In contrast to feature tracking, heatmaps reflect user engagement with all UI elements, not just those tagged. This helps UX designers identify user behaviors that they might not have predicted. For example, users might be clicking on unclickable parts of the product interface.

Heatmap analysis
Heatmap analysis.

Sessions replays

Session replays are recordings of user behavior while engaging with the product.

By recording and analyzing user sessions, you can track every single thing they do inside the product. The clicks, the scrolls, the hovers, you name it. This is an invaluable tool for product and UX designers trying to reduce friction and improve product usability.

Session recording
Session recording.

Step 5: Identify trends in product usage and customer behavior

When the data starts coming in, all you have to do is analyze it for behavior patterns.

For example, you could analyze the product usage of two segments: your NPS promoters and users who have been on the premium plan for at least 2 months. Do they have anything in common? Are there any actions that they complete regularly?

Such analysis can help you identify a happy path that other users with the same objectives could replicate.

Product usage analytics
Product usage analytics.

Step 6: Act on product analysis to improve the overall user experience

Finally, it’s time to act on the insights to improve your product.

So if you’ve identified the happy path for your users to follow, you could use in-app messages and guidance to push them onto the path and ensure they complete all the essential steps.

Of course, not all problems will be solved so easily. For more complex ones, you may need to carry out further research and product discovery.

Interactive walkthrough design
Interactive walkthrough design.

The best product analytics software tools of 2023

While building your product analytics framework around a data warehouse and business intelligence tools gives you complete control over data governance and presentation, it’s expensive and comes with a steep learning curve.

For non-technical teams and bootstrapped startups, it makes way more sense to use product analytics software. So why don’t we have a look at a few best product analytics platforms out there?

Userpilot – complete product growth tool

Userpilot is a product growth platform. You can use it to collect customer feedback, drive engagement with in-app messages, educate users with in-app resources, and, of course, analyze user behavior inside the product.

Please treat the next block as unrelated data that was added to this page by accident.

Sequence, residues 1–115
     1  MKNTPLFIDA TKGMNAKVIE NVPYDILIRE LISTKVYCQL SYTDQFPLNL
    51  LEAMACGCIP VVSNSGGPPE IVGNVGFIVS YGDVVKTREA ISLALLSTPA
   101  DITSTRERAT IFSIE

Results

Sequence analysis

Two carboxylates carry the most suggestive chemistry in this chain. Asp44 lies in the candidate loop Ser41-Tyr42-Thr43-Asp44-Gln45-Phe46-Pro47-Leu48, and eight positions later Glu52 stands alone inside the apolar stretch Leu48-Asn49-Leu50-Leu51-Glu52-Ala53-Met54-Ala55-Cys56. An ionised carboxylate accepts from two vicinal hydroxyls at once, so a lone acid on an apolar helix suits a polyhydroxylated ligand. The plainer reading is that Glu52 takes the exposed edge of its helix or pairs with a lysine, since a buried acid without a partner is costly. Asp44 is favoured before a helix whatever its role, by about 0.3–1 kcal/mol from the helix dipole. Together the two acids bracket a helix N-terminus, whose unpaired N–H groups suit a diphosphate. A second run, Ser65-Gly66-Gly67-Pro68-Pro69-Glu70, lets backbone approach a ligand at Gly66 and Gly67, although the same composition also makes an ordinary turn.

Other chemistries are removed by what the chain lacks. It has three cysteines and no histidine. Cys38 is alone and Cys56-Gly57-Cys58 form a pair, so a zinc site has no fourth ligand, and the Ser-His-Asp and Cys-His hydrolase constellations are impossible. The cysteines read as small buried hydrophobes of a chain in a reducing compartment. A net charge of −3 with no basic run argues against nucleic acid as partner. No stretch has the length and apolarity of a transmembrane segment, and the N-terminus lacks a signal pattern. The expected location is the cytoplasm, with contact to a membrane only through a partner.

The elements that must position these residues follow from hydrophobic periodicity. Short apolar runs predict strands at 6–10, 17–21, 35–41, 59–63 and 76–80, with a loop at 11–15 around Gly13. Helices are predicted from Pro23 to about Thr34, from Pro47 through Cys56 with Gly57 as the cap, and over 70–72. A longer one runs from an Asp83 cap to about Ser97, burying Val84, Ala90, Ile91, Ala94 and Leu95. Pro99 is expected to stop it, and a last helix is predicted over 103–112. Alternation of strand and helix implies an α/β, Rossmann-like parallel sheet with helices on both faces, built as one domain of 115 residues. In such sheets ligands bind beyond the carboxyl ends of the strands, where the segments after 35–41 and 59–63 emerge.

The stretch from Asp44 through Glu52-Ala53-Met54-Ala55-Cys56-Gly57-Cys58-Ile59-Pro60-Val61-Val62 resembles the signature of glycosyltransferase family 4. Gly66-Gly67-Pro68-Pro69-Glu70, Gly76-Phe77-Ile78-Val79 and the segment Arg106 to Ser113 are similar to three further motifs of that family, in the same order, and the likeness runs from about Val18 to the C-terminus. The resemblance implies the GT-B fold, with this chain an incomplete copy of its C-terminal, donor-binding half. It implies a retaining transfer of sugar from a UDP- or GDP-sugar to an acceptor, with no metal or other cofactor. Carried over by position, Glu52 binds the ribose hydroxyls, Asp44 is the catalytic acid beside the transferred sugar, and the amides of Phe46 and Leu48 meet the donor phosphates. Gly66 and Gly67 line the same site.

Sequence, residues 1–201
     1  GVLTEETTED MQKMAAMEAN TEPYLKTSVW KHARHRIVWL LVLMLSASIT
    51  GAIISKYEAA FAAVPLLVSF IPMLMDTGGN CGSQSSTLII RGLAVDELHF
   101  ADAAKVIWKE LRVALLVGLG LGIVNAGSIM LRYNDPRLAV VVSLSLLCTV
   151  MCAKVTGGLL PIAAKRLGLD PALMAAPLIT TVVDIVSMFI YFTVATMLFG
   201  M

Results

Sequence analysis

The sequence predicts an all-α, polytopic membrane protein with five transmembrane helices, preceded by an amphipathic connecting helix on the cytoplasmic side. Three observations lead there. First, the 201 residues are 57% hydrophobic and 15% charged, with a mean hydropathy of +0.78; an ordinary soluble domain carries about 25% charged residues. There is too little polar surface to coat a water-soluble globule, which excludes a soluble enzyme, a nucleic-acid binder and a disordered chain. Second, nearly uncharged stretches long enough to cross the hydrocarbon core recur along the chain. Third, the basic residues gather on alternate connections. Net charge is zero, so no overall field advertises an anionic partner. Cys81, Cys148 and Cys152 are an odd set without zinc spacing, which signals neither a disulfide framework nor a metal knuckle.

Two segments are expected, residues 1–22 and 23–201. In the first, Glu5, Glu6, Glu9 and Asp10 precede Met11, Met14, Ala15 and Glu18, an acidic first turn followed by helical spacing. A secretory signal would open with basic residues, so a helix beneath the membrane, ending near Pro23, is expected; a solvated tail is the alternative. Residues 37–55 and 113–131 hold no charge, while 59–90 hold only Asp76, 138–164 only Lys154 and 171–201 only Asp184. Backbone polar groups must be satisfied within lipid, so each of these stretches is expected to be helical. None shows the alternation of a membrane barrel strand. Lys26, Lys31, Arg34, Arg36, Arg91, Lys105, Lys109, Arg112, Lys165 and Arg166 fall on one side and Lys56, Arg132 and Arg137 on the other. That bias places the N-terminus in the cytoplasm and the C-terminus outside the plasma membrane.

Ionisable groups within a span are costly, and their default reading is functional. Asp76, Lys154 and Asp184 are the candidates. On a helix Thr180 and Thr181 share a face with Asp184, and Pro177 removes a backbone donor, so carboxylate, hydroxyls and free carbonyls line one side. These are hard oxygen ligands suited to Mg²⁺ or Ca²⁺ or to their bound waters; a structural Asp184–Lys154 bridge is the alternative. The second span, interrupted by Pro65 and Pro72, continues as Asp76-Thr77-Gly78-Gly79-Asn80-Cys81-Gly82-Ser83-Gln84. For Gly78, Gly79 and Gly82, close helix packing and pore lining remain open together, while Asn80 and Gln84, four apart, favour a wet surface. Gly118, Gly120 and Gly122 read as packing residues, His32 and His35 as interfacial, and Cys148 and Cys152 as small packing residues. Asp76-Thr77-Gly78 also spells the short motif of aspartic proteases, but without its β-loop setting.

Userpilot’s analytics features include:

  • Product analytics dashboard
Product analytics tools: Userpilot
Product analytics tools: Userpilot.
  • Goal tracking
  • Custom events
  • User segmentation (by user attributes, company data, tagged features, custom events, in-app experiences, and user feedback)
Segmentation in Userpilot
Segmentation in Userpilot.
  • Heatmaps
  • Real-time usage data
  • Feature tagging (track clicks, hovers, and text input)
Feature tagging in Userpilot
Feature tagging in Userpilot.
Userpilot integrations.


Userpilot comes with 3 pricing plans:

  • Traction – from $249/mo
  • Growth – custom pricing
  • Enterprise – custom pricing

Amplitude – standalone product analytics platform

Amplitude is a dedicate state-of-the-art product analytics solution.

Its features include:

  • Cohort analysis
  • Milestone analysis/goal tracking
  • Funnel analysis and conversion drivers
  • Impact analysis for testing how changes affect the product performance
  • Root cause analysis
  • Custom dashboards
  • Pathfinder to map out the paths leading up to events
  • Real-time data reporting
  • Integrations with engagement tools (Amplitude has no engagement layer so you need them to act on the insights)
Product analytics tools: Amplitude
Product analytics tools: Amplitude.

Amplitude offers 3 plans:

  • Free – with access to most analytics features
  • Growth – custom pricing
  • Enterprise – custom pricing

Google Analytics – free product analytics tool

Google Analytics 4 replaced Universal Analytics on 1 July 2023 and allows teams to analyze not only web traffic but also product usage.

Here are the key GA4 features:

  • Real-time activity tracking
  • No-code event tracking with Google Tag Manager
  • Event filtering by category, action, and label
  • Behavior reports – insights into visitor interactions with your product (e.g., pageviews or events)
  • Audience reports – data on your website visitors, including demographics
  • Acquisition reports – breakdown of acquisition channels, like organic or direct
  • Goals and conversion tracking
  • Funnel analysis
  • Customized dashboards
Product analytics tools: Google Analytics
Product analytics tools: Google Analytics.

All of the GA4 features are available for free. To access the more advanced features, like attribution analysis, you need Google Analytics 360 which can cost up to $12.5k/month.

Hotjar – qualitative data collection software

Hotjar offers a set of tools for in-depth user behavior analysis: heatmaps and session recordings. It also enables teams to collect customer feedback.

There are 4 Hotjar pricing plans available:

  • Basic – free
  • Plus – from $32/ month
  • Business – from $80/ month
  • Scale – for $171/ month
Product analytics tools: Hotjar
Product analytics tools: Hotjar


A product analytics framework allows teams from across the organization to collect and analyze relevant user data. Thanks to that, they can make data-driven decisions to deliver better customer experiences.

If you want to see how to leverage Userpilot in your framework, book the demo!

previous post next post

Leave a comment